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The new Double-Telepresence robot now leads you like a sim

When my colleague James Vincent first experimented with the first robot for remote attendance for Double Robotics in 2015

When my colleague James Vincent first experimented with the first robot for remote attendance for Double Robotics in 2015, where he was slowly wandering in our New York office from his London headquarters, he described the experience as playing Doom, but in an office. 

The company's latest version of Android, Double 3, adds mixed reality video to allow users to click locations they want to drive rather than having to use a control panel, bringing the experience closer to chip control.

Double 3 now has a set of 3D sensors to allow self-driving, allowing the robot to navigate while avoiding obstacles. 

The new "Click-to-drive" interface shows points on the ground for areas the robot can navigate, and two 13-megapixel cameras allow users to navigate and zoom on the screen.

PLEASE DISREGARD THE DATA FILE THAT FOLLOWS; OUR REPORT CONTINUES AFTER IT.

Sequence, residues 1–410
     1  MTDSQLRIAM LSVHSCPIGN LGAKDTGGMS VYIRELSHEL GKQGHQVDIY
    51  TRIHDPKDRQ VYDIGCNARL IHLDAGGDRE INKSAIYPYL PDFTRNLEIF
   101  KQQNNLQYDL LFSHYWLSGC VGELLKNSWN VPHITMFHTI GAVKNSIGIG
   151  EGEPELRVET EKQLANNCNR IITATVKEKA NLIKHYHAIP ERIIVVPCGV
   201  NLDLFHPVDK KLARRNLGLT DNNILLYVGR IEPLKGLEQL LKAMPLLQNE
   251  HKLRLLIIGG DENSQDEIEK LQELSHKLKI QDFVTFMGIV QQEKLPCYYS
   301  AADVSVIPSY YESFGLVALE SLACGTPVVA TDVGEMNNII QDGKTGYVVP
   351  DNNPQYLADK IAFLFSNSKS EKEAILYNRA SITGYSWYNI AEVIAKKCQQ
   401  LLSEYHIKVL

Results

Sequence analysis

Cameras can actually tilt up and down, making it easier to zoom in to read papers on a desk, for example. The entire interface can be controlled from your web browser or mobile app.

When my colleague James Vincent first experimented with the first robot for remote attendance for Double Robotics in 2015

While the previous duplicates of Double were mainly iPads on wheels - you literally had to install the iPad on top of Android to make it work - Double 3 now has a built-in screen to avoid the need for a separate tablet and Bluetooth connections.

When my colleague James Vincent first experimented with the first robot for remote attendance for Double Robotics in 2015


Telepresence robots are still a category of specialty products, but Double Robotics says they have sold more than 11,000 robots so far. 

The idea is that it might be useful for some teleworkers, or situations in which you want to have a physical presence more than just Skyping, but hopefully, it won't happen if you're a doctor who provides devastating news to a dying patient.

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Double 3 will be launched in September at a starting price of $3,999. 

For people who already own a Double 2, the $298 independent Double 3 head is compatible with the Double 2 base, allowing you to add new control features to the old model.

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